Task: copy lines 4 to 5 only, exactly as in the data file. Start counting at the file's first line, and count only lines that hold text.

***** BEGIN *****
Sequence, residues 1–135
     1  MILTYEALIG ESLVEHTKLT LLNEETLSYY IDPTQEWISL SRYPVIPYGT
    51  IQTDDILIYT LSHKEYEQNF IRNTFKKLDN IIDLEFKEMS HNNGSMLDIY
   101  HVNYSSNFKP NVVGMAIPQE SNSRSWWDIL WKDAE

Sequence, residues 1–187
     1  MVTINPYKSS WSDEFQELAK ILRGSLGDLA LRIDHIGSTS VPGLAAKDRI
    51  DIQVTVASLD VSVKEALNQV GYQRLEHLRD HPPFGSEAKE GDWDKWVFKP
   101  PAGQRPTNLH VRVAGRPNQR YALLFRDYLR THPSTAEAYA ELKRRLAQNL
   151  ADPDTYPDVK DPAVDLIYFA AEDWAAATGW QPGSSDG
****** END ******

   101  HVNYSSNFKP NVVGMAIPQE SNSRSWWDIL WKDAE

Sequence, residues 1–187